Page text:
Browser hijackers are known to be extremely irritating and hardly anyone who’s ever had to deal with one will tell you otherwise. However, dealing with this particular software type can also be pretty frustrating. For one, its behavior is also often misjudged by users, who wrongly assume they’ve been infected by a virus. Things like the changed Chrome, Firefox, or other browser homepage and newly set default search engine, as well as the parade of online ads that just keeps on going and covering your screen – all of this can very well arouse suspicion of something far more sinister going on. Luckily, that’s not the case and we’ll prove it to you on the example of Coinhive “Virus” – a browser hijacker that’s been bothering a number of users lately. In this article we will aim to explain exactly what this type of software is capable of and whether or not you really should be concerned about your system’s safety. Furthermore, we will also provide those of you who’ve already ended up with Coinhive “Virus” on their computers with a set of removal instructions. You will find them below this article, but before you head over to them, we would advise you to read through the following few paragraphs first.
What do browser hijackers generally do?
Software like Coinhive “Virus” exists for the sole purpose of generating profit for its developers by displaying paid ads on the screens of hundreds and thousands of users, who install it. In doing so, the software also ensures the exposure of various products, services, websites, etc. This is to say that Coinhive “Virus” and other browser hijackers do not run any malicious scripts and have no harmful intentions, which is a major difference between them and actual viruses like ransomware and Trojans, for example. Nevertheless, security experts identify hijackers and similar software as potentially unwanted due to a number of factors. In fact your system resources might have been used to mine the Monero cryptocurrency.
For one, hijackers often like to snoop around the browsing history of the computers they’re on. As a result, they gain information that has to do with the browsing preferences of each individual user. And this, in turn, they need in order to optimize their advertising campaigns. However, as strictly business-driven as this activity may be, most users have no idea about it. Another factor that contributes to programs like Coinhive “Virus” being dubbed PUPs is the manner in which they get distributed. Do you recall ever downloading or installing this particular browser hijacker of your own free will? Did you go online and actually type in the name of the software and then follow a download link to get it? Chances are, you didn’t. But we’ve got some news for you: you still downloaded and installed it on your own.
This happens with the help of a simple, yet very clever invention known as program bundling. It means that you downloaded some other piece of programming and attached to its installer was Coinhive “Virus”. Most users skip reading the EULA or even at least the individual installation steps of the wizard and rush through it by repeatedly clicking on ‘Next’. What makes matters worse is that they often choose the Default or Automatic installation option, which gives them little say in the whole process. If you were to select the Advanced or Custom settings, you would have most likely been given the opportunity to opt out of any undesired software that may have been added by the developers. So this is something to keep in mind when installing new programs in the future.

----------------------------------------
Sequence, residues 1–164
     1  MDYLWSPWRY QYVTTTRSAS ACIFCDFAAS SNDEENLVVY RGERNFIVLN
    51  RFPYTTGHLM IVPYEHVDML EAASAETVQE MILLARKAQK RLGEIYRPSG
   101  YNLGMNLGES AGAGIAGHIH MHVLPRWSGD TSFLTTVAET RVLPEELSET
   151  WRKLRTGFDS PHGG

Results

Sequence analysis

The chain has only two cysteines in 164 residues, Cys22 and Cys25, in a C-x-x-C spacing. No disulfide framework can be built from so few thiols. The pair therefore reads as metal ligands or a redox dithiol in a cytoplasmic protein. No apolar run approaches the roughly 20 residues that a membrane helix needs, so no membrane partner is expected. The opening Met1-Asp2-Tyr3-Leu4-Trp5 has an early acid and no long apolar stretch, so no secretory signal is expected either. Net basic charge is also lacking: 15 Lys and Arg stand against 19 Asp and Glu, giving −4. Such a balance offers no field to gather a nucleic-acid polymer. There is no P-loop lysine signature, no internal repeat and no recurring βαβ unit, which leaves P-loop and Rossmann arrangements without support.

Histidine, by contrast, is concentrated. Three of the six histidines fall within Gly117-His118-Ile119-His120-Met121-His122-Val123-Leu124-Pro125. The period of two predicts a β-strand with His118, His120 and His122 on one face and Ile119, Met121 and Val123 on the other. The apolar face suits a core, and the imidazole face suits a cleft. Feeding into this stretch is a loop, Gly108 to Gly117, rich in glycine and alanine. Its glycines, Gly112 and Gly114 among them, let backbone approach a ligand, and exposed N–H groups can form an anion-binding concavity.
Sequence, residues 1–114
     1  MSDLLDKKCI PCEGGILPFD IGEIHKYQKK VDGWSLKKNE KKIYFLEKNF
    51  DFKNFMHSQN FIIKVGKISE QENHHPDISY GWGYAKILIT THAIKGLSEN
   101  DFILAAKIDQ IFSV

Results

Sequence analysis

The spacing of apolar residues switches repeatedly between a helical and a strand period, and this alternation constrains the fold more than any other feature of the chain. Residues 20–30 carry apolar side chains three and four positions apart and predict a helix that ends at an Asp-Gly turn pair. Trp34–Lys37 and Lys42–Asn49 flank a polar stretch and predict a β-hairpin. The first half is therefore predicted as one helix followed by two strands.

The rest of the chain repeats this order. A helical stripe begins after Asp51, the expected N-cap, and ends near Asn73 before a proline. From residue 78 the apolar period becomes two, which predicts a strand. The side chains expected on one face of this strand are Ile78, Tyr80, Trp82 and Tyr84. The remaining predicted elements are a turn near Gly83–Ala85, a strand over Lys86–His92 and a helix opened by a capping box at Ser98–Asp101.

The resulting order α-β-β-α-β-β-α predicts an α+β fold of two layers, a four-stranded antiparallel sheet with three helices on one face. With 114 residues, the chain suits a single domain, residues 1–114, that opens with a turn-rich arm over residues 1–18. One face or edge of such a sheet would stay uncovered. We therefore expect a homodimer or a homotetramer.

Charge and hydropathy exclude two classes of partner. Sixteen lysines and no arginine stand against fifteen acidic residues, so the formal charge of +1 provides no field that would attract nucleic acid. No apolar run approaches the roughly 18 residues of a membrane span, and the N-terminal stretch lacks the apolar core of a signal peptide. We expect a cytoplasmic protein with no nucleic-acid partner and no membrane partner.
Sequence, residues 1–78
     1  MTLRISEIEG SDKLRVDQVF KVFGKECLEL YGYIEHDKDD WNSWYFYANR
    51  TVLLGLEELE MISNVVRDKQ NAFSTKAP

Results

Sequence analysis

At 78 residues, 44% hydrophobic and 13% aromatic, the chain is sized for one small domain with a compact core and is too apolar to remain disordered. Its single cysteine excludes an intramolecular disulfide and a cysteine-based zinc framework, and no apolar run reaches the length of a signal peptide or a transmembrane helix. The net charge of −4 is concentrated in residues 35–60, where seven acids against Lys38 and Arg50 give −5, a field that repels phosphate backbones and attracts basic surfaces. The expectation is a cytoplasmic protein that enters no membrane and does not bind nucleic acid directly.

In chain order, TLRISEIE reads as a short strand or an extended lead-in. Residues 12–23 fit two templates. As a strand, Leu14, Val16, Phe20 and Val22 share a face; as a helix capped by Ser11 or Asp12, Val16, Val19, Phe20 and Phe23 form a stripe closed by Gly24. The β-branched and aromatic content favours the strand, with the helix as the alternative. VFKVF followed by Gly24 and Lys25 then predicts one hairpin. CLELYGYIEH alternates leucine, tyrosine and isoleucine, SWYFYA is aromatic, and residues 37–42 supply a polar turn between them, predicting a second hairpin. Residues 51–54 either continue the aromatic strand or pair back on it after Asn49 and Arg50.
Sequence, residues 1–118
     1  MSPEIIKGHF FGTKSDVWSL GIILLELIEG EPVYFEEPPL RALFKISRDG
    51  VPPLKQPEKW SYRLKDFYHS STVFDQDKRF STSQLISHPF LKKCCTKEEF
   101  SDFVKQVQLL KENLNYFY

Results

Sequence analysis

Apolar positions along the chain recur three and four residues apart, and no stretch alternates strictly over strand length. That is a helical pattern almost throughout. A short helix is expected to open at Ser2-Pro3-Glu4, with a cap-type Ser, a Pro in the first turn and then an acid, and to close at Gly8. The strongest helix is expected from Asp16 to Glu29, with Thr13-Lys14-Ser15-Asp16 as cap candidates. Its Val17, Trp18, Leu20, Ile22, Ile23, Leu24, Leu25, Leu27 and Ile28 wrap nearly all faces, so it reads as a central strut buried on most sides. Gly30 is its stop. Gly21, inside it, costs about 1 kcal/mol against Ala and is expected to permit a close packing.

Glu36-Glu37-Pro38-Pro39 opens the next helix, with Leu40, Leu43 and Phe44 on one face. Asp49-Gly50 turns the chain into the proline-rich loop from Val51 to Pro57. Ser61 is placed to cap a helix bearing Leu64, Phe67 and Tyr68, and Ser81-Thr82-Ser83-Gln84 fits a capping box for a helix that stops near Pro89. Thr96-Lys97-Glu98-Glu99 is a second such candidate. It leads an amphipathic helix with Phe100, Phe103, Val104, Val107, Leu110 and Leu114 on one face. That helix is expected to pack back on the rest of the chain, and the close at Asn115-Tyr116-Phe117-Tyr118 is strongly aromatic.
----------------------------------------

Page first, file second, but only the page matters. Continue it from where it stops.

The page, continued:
Besides that, there’s also the fact that programs like Coinhive “Virus” don’t generally offer any usefulness for regular users. As a matter of fact, for the most part they just sit there generating ads in the background and collecting data about your browsing habits, and all the while using your PC’s resources. As a result, your system can become much slower over time and you will end up having less free disk space. Not to mention that as a result of the resource consumption, your computer might begin to lag, leading programs to malfunction and crash. Last but not least, browser hijackers can also make your computer more vulnerable to external threats. Moreover, the numerous links and ads that are generated and well as the frequent page redirects could potentially land you on insecure web locations and put you at risk of infection.
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Some threats reinstall themselves if you don't delete their core files. We recommend downloading SpyHunter to remove harmful programs for you. This may save you hours and ensure you don't harm your system by deleting the wrong files.
Remove Coinhive Virus
You are dealing with a malware infection that can restore itself unless you remove its core files. We are sending you to another page with a removal guide that gets regularly updated. It covers in-depth instructions on how to:
1. Locate and scan malicious processes in your task manager.
2. Identify in your Control panel any programs installed with the malware, and how to remove them. Search Marquis is a high-profile hijacker that gets installed with a lot of malware.
3. How to clean up and reset your browser to its original settings without the malware returning.
You can find the removal guide here.